Paul L. Caron

Thursday, January 7, 2021

The Left Wants A Philanthropy Of The Few

Wall Street Journal op-ed:  The Left Wants a Philanthropy of the Few, by Elise Westhoff (President & CEO, Philanthropy Roundtable):

Initiative To Accelerate It takes a fine sense of irony to start the season of giving by trying to limit Americans’ generosity. Yet that would be the outcome of a high-profile legislative proposal unveiled on Dec. 1, “Giving Tuesday,” conceived by former hedge-fund manager John Arnold and Boston College law professor Ray Madoff. The proposal would stifle Americans who want to support worthy causes but aren’t superrich. It would also further the goals of progressive politicians who seek to punish charitable giving they don’t like and can’t control.

The “Initiative to Accelerate Charitable Giving” is framed as a way to force the wealthy to give more. It enjoys the backing of some of America’s biggest and most prominent foundations, including Ford, Kresge, Kellogg and Hewlett. These large and powerful institutions are effectively trying to dictate how smaller and less influential donors give, which dovetails neatly with the goals of progressive politicians and activists.

The centerpiece is a series of regulations on donor-advised funds, a popular option for philanthropists outside the 1%. While the foundations supporting the initiative control a combined $38 billion, the average donor-advised fund has a little more than $166,000 set aside for charity. Donor-advised funds allow individuals to donate as much as they like annually, even a few hundred dollars. Some choose to give right away, while others take a long-term approach, waiting to align their priorities with the needs of the communities they aim to serve. These funds also provide donors with the option of privacy—the particular focus of political attack.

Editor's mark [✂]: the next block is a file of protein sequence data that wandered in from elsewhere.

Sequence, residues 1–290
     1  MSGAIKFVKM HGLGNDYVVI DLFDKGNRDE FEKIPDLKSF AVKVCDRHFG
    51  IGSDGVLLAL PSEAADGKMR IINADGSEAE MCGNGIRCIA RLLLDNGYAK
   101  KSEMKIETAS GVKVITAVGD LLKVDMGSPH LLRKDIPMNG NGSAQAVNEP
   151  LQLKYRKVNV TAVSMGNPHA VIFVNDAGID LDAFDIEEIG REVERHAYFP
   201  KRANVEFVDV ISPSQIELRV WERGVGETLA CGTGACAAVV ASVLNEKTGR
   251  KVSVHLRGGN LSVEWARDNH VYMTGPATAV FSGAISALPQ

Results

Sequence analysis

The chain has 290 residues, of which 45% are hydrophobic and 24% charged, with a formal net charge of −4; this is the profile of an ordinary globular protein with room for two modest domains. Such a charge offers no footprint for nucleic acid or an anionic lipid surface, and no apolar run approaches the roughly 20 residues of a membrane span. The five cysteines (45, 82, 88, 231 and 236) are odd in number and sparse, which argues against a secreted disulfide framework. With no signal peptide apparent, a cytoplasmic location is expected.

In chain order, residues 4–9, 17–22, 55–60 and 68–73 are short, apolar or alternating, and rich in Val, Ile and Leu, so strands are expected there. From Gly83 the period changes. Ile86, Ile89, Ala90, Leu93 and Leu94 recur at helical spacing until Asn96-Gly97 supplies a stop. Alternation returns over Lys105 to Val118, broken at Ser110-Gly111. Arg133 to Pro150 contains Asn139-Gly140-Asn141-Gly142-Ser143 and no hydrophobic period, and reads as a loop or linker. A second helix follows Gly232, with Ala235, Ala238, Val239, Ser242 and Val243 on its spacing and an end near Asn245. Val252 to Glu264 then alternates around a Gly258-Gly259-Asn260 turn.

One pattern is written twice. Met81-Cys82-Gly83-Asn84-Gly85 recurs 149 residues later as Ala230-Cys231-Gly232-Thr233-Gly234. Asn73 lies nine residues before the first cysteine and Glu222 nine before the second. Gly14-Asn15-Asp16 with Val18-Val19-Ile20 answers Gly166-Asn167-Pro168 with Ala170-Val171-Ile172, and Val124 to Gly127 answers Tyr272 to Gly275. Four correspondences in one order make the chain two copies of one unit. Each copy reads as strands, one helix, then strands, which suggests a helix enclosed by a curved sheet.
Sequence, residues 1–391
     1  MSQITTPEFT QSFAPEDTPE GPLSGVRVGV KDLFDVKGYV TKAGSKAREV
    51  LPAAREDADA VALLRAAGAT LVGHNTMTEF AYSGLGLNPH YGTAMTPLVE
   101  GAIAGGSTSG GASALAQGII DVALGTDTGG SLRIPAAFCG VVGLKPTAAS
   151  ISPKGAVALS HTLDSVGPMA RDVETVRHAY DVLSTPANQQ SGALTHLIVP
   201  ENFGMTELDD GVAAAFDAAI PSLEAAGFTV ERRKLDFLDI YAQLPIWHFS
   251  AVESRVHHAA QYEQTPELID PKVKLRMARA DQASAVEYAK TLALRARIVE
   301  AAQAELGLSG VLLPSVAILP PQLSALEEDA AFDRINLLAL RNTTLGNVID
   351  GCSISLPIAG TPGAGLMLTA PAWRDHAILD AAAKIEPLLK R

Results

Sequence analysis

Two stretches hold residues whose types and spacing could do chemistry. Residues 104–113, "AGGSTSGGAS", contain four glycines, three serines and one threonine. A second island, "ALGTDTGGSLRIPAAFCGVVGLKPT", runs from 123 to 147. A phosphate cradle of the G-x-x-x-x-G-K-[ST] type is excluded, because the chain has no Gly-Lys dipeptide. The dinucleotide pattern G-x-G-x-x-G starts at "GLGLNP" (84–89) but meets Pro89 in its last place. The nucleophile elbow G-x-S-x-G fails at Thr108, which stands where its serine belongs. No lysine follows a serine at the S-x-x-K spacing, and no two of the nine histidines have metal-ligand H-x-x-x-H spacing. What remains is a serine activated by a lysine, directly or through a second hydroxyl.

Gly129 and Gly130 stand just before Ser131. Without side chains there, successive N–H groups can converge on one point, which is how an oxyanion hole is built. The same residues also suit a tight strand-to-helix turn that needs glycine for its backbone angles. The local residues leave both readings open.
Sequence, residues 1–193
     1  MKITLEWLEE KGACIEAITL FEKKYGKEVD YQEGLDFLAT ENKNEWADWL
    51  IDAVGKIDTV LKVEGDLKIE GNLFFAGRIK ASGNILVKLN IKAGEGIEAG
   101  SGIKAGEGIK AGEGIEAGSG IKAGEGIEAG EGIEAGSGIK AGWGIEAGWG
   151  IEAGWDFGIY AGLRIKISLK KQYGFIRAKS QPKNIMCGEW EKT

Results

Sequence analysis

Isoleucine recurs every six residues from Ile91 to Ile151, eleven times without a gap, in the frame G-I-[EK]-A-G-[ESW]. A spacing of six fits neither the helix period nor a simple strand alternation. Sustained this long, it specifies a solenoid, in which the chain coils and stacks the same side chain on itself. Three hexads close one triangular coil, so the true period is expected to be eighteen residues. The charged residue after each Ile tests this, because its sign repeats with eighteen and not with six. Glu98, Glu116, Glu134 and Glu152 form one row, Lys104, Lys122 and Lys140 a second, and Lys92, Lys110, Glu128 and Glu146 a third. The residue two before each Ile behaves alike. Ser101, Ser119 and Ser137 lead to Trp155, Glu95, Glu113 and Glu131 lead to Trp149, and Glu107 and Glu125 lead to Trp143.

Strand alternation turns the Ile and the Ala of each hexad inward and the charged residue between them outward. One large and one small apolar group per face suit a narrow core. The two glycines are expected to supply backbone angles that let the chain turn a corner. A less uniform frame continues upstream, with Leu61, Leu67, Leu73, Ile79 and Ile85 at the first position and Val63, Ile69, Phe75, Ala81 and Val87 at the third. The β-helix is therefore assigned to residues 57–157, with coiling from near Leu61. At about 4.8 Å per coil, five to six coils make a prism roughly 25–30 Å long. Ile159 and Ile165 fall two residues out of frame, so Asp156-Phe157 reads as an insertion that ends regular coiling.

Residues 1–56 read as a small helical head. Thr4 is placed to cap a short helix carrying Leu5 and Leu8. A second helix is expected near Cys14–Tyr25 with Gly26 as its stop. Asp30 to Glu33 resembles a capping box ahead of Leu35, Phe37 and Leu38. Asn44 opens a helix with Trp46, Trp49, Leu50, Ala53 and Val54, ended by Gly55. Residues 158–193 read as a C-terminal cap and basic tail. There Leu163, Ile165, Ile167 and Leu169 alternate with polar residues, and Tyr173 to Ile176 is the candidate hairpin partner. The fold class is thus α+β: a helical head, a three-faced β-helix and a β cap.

Donor-advised funds have multiplied. The number of accounts has risen by more than 300% since 2010, and as their popularity has grown, so has the criticism. Sen. Sheldon Whitehouse routinely savages them, since he can’t see and therefore attack or control who gives to them. Yet the vast majority of givers are supporting critical services helping people in need, and liberals use donor-advised funds to support their favored causes too.

The Arnold-Madoff initiative would starve them of funding. Most notably, it encourages Congress to pass legislation that would force donor-advised funds to disburse money within 15 years or lose tax deductibility, pushing more money into the hands of tax collectors instead of charities. The 15-year marker is entirely arbitrary, and discriminatory: The foundations that back the proposal would still be able to hold their tax-advantaged funds in perpetuity. Yet donor-advised funds already have a higher payout rate than the required minimum payout for a foundation—approximately 20% compared with 5%—even though they have only a tenth of the $1 trillion managed by foundations. Donor-advised funds and private foundations alike should have the option to address the needs of communities over a longer time horizon.

The Arnold-Madoff proposal would take that long-term freedom away from smaller donors. ...

The current system of philanthropic freedom enables Americans of all backgrounds, beliefs and bank-account sizes to support worthy causes and benefit their communities and the country. That system should be preserved and expanded, not controlled and shrunk by a powerful few.

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